When Lismore was the centre of Christianity in Argyll

lismore audience

An important and interesting talk was given recently on the Isle of Lismore – on the little known history of the pre-reformation church when Lismore was the centre of Christianity in Argyll.

Few have any idea how important the island was then.

It is a crucial issue since Scotland’s relationship to its Catholic past often seems ambivalent.

Dr Macdonald with moluag copy

Dr lain MacDonald’s talk in the Gaelic Heritage Centre’s Museum room  at the end of May was  ironically titled  Among a people rude and barbarous: the later medieval Bishops of Lismore -  reflecting the casual and convenient stereotyping of the highlander as peripheral and barbaric, more inclined to fighting than to serving God.

Dr MacDonald, of Glasgow University, traced in some detail the story of the later medieval bishops of Argyll and the importance of  Lismore as the centre of Christianity between the 12th and 16thcenturies. This very significant part of Lismore’s  pre-reformation history is neglected  as far as scholarship and wider awareness is concerned. Dr MacDonald’s work is therefore of great importance to the island

He showed just how pre-eminent Lismore and the cathedral were and that many of these  churchmen were highly educated  men of influence and many (though not all) had Lismore’s and Argyll’s best interests at heart.

The exploring, restoring and preserving of Lismore’s  artefacts, history and stories of clerics, clansmen and Liosachs is the reason for the Lismore Gaelic Heritage Centre’s coming into being and continuing to grow. Inviting such speakers is part of the very important work the centre is doing.

In Clerics and Clansmen, Iain MacDonald’s book – which he has kindly donated to the David White Library at the Heritage Centre – he shows how the medieval Church in Gaelic Scotland, often regarded as isolated and irrelevant, continued to function in the face of poverty, periodic warfare and the formidable powers of the clan chiefs.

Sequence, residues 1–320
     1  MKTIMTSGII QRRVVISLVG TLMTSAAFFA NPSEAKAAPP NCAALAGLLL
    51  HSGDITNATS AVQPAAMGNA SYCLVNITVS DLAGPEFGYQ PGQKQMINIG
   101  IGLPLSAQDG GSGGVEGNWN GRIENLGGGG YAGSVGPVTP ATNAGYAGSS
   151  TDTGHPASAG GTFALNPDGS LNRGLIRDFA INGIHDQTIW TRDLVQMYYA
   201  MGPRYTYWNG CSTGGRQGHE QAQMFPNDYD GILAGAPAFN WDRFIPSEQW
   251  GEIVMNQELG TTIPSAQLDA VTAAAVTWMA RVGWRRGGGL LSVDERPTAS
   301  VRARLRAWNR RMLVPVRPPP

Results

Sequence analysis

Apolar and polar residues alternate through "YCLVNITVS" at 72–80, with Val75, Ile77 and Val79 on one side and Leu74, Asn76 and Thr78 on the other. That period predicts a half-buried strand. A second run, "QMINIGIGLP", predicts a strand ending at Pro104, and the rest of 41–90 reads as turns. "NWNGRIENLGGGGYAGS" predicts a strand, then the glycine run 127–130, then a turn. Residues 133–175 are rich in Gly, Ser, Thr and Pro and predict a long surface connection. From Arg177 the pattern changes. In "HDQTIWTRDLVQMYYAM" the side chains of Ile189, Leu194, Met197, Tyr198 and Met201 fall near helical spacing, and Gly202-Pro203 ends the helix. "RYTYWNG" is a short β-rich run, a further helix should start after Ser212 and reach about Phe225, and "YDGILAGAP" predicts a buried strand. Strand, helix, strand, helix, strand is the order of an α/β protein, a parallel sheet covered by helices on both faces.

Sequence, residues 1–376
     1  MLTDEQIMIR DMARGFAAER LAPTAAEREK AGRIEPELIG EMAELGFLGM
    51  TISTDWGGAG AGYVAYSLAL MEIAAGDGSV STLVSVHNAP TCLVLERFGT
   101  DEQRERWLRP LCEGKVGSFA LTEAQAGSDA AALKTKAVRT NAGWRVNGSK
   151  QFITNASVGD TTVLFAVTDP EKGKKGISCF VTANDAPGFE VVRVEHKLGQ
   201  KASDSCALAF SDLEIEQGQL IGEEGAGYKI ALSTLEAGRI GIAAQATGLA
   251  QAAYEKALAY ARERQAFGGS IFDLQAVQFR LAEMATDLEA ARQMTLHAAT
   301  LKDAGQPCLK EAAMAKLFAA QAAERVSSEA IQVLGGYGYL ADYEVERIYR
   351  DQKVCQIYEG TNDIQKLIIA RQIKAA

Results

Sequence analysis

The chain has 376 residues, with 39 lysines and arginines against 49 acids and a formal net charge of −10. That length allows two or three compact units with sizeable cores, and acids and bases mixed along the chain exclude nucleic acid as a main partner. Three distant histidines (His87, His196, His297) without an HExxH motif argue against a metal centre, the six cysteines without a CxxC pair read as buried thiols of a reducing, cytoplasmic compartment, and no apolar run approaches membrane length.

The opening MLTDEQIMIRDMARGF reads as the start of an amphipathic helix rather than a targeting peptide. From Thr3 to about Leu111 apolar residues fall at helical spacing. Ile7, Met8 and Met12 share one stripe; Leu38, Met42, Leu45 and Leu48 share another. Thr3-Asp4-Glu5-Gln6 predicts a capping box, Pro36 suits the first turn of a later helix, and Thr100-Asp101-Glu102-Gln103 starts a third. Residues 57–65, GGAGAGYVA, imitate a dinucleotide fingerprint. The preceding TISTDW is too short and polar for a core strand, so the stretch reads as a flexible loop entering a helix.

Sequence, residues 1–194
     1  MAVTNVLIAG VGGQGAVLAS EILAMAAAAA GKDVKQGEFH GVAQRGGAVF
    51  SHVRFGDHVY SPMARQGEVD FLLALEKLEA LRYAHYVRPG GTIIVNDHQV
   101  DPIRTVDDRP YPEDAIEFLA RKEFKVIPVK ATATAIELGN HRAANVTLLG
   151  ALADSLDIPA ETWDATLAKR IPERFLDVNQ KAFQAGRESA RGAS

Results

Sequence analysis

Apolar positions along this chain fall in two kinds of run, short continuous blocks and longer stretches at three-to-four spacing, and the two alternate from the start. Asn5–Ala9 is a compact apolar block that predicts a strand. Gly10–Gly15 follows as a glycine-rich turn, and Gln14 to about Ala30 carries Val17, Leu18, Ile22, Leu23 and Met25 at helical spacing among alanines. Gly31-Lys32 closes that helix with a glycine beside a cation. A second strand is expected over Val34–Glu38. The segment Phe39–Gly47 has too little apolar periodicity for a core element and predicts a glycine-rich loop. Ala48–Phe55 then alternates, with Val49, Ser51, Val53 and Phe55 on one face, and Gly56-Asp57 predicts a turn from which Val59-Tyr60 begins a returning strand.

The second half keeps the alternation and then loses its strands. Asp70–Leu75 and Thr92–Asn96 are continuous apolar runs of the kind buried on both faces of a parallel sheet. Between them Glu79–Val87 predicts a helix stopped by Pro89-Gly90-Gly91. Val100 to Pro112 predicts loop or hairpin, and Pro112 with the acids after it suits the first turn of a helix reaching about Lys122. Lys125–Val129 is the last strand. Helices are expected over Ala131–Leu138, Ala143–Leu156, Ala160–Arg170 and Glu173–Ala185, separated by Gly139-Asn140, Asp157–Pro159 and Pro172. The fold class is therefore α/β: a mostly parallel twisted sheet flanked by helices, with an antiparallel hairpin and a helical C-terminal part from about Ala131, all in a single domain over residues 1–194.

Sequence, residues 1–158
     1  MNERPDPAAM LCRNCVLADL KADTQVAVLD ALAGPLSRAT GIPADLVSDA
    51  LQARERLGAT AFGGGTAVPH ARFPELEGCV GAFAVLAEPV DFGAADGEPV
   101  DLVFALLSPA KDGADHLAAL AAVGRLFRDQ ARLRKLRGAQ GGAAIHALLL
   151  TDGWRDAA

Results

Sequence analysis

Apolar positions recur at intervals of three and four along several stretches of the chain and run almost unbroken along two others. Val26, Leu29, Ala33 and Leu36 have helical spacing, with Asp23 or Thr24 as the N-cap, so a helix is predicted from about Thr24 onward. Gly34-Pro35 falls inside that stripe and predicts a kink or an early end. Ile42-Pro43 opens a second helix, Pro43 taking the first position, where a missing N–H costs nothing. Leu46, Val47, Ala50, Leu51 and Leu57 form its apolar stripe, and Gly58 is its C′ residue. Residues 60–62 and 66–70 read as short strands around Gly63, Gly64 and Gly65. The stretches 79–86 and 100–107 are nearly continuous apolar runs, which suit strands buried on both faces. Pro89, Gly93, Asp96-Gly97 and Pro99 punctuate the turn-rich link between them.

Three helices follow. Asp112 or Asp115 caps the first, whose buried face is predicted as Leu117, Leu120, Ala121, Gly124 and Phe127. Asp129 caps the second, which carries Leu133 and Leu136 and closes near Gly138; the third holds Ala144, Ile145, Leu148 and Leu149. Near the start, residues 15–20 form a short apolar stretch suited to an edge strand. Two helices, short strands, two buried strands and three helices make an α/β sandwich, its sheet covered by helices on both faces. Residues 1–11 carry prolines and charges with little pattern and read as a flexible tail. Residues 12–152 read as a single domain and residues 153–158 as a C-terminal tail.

LIsmore cathedral

He analyses the life of the Argyll Bishopric, as well as considering  the parochial clergy and, surprisingly, he reveals a Church deeply embedded within its host society while remaining plugged into the mainstream of Latin Christendom.

Finally Dr Macdonald cast doubt  on the reason for the Bishopric’s final move from Lismore to Dunoon.

This was said to be the  result of the violent encounter at Killandrist  between George Lauder, Bishop of Argyll (1427–73) and two Gaelic speaking clergymen,  Gilbert Maclachan, Chancellor, and Maurice MacFadyan Treasurer of Lismore – an incident which is described in the Auchinleck Chronicle.

In the ecclesiastical context of the time, Dr MacDonald argues that it is wrong to depict this simply as a confrontation between highlander and lowlander but to see it as the consequence of the ecclesiastical politics pursued by the bishop, which were exacerbated by ongoing political problems in Lorn.

It was a pretty resonant occasion, hearing this story while sitting only yards from the site of such a pivotal historical incident.

Pauline Dowling

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